This article originally appeared on the BeyeNETWORK.
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Most data warehouses are of the garden flower variety. A petunia here, a rose bush there. Most data warehouses are created for the purpose of supporting a rather standard and predictable set of queries that might come from accounting, finance, marketing, and so forth.
But every now and then, there is created what can be termed a “research data warehouse.” The research data warehouse is created almost on a whim. The research data warehouse is usually created for the purpose of analyzing one or two burning issues in the organization. Usually (but not necessarily always), the research data warehouse is for the purpose of statistical analysis.
The analysts that use the research data warehouse are almost always hand picked. Sometimes they are actuaries. On other occasions, they are just business users who are savvy in the ways of the business.
The research data warehouse is almost always project-based. This means that the research data warehouse has a beginning of life and an ending of life, unlike a standard data warehouse that is used perpetually.
There arises an interesting question – once a research data warehouse has been created, can data from the research data warehouse be placed in a standard data warehouse? In other words, can you create a research data warehouse, do some interesting analysis, then turn around and put analytical results from the research data warehouse into the standard data warehouse, thereby using the research data warehouse as a source of data for the standard data warehouse?
From a technological standpoint, of course you can do that. There is no technological reason why such a transfer of data cannot be made. However, there are some good reasons why – architecturally – such a practice is questionable.
Some of the reasons why you may not want to update a standard data warehouse from a research data warehouse include:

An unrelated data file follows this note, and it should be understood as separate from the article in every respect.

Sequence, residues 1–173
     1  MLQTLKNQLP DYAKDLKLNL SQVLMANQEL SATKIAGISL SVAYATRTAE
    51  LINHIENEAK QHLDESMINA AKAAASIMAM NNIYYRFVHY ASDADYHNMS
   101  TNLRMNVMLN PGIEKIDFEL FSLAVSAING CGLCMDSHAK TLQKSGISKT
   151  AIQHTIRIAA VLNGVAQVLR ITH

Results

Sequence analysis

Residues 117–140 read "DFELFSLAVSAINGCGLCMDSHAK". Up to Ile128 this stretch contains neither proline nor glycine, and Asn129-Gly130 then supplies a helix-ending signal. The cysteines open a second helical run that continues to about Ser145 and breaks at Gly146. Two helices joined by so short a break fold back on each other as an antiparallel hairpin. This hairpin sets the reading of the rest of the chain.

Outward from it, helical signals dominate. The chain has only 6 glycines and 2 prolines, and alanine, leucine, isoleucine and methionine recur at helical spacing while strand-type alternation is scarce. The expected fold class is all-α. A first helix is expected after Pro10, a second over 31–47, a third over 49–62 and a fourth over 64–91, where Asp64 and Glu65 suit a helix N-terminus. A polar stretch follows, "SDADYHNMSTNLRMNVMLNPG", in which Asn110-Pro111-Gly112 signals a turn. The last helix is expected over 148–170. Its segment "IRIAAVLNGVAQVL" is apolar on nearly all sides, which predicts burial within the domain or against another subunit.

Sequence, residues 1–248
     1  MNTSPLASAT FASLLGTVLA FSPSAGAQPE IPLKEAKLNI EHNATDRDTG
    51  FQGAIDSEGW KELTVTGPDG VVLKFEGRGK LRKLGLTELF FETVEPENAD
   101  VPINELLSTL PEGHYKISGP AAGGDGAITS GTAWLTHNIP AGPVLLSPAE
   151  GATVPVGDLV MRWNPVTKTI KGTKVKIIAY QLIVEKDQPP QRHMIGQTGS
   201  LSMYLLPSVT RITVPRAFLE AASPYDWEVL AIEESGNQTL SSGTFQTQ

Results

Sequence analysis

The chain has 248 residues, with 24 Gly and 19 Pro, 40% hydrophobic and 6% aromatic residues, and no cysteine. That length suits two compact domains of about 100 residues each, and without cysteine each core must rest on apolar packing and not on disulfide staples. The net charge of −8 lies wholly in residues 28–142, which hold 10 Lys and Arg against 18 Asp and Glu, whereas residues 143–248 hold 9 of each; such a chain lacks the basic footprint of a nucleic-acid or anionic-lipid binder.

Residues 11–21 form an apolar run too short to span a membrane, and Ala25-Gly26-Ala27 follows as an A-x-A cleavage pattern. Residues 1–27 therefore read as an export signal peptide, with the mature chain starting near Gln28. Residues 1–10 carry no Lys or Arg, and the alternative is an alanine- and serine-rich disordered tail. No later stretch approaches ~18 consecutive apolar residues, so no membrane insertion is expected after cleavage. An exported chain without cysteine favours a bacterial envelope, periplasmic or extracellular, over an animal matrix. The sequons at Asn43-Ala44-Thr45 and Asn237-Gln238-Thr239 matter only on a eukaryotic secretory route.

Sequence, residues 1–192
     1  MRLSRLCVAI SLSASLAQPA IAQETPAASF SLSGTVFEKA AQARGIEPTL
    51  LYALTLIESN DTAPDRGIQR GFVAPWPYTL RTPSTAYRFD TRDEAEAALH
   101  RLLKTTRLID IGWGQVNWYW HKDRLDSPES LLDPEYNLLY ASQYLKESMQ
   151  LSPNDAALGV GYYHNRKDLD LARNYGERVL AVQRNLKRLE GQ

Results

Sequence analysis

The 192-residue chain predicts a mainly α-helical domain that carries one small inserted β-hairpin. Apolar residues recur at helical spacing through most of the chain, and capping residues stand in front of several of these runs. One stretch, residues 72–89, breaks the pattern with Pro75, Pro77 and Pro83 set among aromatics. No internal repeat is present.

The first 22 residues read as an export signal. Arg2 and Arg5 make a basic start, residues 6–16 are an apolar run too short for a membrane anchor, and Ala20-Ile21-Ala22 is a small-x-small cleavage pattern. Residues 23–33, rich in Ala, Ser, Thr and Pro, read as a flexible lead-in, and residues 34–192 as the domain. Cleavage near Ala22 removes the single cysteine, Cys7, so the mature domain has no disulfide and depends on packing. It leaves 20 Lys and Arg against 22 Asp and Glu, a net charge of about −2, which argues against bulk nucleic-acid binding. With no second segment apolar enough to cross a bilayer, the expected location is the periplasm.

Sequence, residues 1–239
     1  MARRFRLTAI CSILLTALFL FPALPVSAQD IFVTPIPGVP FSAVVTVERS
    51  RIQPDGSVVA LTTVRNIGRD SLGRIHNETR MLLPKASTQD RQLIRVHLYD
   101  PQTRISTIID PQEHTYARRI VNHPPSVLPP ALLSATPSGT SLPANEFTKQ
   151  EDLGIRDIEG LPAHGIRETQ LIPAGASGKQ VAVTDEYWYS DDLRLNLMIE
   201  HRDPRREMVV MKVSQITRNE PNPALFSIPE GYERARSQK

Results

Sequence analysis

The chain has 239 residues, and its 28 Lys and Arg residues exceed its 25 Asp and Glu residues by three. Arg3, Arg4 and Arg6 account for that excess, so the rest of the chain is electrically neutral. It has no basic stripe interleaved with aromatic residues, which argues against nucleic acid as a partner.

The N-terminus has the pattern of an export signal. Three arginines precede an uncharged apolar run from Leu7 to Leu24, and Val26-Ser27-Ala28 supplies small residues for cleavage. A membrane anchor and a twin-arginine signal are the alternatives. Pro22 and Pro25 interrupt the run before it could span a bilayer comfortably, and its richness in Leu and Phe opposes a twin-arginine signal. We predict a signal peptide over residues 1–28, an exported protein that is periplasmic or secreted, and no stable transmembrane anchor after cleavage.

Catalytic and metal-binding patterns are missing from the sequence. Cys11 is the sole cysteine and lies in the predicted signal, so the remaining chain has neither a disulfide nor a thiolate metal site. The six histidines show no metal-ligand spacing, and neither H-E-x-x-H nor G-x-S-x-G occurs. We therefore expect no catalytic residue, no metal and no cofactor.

The finite life of the research data warehouse. If it is OK with you that at some point in time there will be no more data coming from the research data warehouse, then go ahead and update data into a standard data warehouse.
There usually is no discipline or rigor for the data associated with a research data warehouse. The essence of a research data warehouse is that data is free to be calculated and manipulated in any manner possible. This may or may not make a difference to the standard data warehouse.
No documentation and no audit trail. For a research data warehouse, generally speaking, there is no audit trail or documentation as to how data got inside the research data warehouse. If this is no problem, then feel free to update data into a standard data warehouse.
Subsets of data. Research data warehouses are notorious for operating only on subsets of data. If the fact that the data coming from a research data warehouse is incomplete is an issue, then you probably had better not be updating data into a standard data warehouse from a research data warehouse.
And there probably are many more considerations to take into account when deciding whether or not to update a standard data warehouse from a research data warehouse. These considerations merely scratch the surface.
So if you are dealing with a research data warehouse, you need to carefully consider whether you really want data from the research environment finding its way into your standard data warehouse.